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US-made drones downed over Yemen weren't military's, CENTCOM says

The Houthis said they wrecked two US drones over Yemen's contested Marib province.
Yemenis inspect the burning wreckage of a drone in the country's capital, Sanaa, on Oct. 1, 2017.

The US military disavowed two drones reportedly shot down by Yemen’s Houthi rebels near the contested city of Marib over the weekend, saying it had lost no such unmanned aircraft recently in the region.

Houthi media on Wednesday released footage purporting to show two US-made drones shot down over the central Yemeni province, where Saudi-backed government forces are holding off an unrelenting offensive by the rebels.

One of the destroyed Scan Eagle drones in the footage bore markings identifying its manufacturer as Insitu, a subsidiary of Boeing based in Washington state, according to The Associated Press, which first reported on the shoot-down.

US Central Command spokesperson Lt. Col. Karen Roxberry told AP there were “no downed CENTCOM assets” in the Middle East and the US military is “not flying over Marib.”

News of the shoot-down comes two days after the Justice Department took down a host of Iran-linked websites, including the pro-Houthi Al-Masirah outlet.

Shortly after taking office, President Joe Biden ordered a halt to all US support for the Saudi-led coalition’s offensive operations in Yemen, with the exception of maintenance support for the Royal Saudi Air Force and intelligence and surveillance support to help Saudi Arabia defend against Houthi missile launches.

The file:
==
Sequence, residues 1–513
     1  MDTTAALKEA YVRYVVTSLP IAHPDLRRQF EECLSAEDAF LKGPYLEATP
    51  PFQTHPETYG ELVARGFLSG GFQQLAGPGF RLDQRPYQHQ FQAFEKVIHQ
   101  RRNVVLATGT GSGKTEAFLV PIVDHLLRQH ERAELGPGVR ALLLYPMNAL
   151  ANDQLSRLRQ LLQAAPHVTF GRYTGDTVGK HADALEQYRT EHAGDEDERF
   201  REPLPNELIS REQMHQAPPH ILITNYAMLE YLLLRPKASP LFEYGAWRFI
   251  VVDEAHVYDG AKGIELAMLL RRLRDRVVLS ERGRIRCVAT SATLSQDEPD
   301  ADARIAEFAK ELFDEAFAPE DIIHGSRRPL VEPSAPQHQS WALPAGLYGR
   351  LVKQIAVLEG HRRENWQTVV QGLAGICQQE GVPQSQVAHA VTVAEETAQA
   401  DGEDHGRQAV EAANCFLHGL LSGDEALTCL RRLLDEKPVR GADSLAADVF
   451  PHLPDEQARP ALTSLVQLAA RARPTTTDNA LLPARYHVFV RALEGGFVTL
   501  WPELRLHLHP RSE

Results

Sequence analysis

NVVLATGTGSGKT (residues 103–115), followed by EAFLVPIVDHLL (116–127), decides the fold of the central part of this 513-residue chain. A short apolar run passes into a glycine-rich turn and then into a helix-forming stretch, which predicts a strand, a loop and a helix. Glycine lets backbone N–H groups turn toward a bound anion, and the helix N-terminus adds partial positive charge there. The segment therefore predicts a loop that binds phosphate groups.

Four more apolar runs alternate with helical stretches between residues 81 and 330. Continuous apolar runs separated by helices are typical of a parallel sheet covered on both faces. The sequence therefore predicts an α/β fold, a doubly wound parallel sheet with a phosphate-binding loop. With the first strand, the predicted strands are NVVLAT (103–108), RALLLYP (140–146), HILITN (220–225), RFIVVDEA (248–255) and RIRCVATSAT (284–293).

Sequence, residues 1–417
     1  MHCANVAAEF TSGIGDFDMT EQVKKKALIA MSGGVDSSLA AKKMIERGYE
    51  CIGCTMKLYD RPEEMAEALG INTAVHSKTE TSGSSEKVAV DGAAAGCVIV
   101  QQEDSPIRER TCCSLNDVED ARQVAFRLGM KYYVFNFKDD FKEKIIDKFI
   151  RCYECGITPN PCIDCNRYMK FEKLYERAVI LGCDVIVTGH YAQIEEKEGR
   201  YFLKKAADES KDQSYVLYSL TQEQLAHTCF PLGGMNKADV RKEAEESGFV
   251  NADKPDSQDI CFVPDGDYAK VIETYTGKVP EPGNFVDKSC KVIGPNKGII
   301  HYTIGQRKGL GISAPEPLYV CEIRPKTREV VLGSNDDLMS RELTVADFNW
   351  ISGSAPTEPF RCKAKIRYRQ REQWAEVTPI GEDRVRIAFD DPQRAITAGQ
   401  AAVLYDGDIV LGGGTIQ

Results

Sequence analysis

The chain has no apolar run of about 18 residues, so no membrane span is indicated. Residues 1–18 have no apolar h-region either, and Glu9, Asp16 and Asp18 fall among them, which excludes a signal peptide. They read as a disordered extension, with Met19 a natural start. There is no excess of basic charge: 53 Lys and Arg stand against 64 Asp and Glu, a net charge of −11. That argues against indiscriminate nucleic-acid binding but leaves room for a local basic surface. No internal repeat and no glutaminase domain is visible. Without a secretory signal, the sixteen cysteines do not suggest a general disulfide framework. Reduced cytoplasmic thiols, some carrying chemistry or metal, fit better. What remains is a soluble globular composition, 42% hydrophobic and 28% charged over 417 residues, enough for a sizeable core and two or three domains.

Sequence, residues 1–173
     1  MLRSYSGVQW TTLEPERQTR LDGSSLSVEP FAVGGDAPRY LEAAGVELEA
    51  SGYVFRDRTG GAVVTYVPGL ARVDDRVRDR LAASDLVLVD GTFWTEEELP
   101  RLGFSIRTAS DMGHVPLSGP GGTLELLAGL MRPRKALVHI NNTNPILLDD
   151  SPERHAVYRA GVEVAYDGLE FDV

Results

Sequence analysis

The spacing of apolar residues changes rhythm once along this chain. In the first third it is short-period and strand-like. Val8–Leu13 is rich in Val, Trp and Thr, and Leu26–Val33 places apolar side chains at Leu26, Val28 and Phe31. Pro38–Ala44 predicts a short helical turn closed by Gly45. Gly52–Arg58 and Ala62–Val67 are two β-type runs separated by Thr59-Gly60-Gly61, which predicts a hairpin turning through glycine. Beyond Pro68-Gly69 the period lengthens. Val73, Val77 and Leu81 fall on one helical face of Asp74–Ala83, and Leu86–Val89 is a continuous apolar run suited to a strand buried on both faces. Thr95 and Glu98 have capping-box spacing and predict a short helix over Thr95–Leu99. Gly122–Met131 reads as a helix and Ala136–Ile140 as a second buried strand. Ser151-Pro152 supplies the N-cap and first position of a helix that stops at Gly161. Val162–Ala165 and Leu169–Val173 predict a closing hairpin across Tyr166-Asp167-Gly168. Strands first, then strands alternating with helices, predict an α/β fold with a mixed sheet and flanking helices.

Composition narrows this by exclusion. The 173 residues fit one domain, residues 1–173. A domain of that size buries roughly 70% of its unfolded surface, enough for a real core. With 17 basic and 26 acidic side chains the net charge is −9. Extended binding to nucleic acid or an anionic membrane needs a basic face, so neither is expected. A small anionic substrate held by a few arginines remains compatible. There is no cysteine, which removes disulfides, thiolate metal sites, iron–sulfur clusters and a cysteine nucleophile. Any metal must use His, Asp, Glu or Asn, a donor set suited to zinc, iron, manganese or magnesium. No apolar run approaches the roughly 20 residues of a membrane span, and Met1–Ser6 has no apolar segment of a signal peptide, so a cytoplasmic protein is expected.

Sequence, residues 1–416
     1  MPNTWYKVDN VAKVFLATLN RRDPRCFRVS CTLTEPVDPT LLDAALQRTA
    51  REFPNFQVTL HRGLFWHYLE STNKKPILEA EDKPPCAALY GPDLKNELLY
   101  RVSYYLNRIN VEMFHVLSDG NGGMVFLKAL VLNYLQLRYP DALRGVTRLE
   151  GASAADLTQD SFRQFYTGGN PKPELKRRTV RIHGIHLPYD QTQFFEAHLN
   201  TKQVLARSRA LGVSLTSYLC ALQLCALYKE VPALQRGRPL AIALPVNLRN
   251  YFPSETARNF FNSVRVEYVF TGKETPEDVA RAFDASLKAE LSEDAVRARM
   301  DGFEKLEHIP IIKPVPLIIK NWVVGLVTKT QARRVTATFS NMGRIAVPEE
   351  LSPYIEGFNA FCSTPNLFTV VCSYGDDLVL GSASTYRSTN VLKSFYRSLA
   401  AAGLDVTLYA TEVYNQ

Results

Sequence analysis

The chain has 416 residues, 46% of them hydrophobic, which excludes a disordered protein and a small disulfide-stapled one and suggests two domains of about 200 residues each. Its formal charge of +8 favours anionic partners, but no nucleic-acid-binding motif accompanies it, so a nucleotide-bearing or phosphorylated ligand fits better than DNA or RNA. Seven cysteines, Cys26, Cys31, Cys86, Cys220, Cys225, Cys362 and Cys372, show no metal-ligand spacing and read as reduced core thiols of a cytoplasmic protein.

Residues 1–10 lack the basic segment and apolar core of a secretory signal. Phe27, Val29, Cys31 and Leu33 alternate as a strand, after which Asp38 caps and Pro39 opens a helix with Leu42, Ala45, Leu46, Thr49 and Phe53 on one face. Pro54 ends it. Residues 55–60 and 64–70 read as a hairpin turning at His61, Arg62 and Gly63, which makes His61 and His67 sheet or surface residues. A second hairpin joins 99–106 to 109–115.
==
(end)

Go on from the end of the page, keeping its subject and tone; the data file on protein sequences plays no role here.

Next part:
The head of US forces in the Middle East, Gen. Kenneth “Frank” McKenzie, told Al-Monitor in April the US military is not participating in the defense of Marib from the Houthi offensive.

“We’re not doing anything in terms of ISR (intelligence, surveillance and reconnaissance) … on things happening in Marib or places like that,” McKenzie said.

It remains unclear to which government or organization the drones belonged, though the CIA has conducted drone operations in Yemen in the past.

The Houthis have claimed in recent years to have shot down a handful of US-made drones over Yemen, including one with Saudi markings last year.

The rebels also brought down two US military MQ-9 Reapers in the summer of 2019 and another Scan Eagle in November of that year. The roughly $3 million Scan Eagle is a low-altitude surveillance drone with more than 20 hours of flight time.

The Houthis’ main backer, Iran, also shot down a US RQ-4 Global Hawk surveillance drone near the Strait of Hormuz in 2019 amid peak tensions between the two countries. Iran said the drone entered airspace over its territory. The United States confirmed the shoot-down and said the drone had been operating in international airspace.

In 2012, Iran claimed to have captured a US Scan Eagle drone with plans to reverse engineer it. The US Navy at the time denied it had lost any such aircraft.

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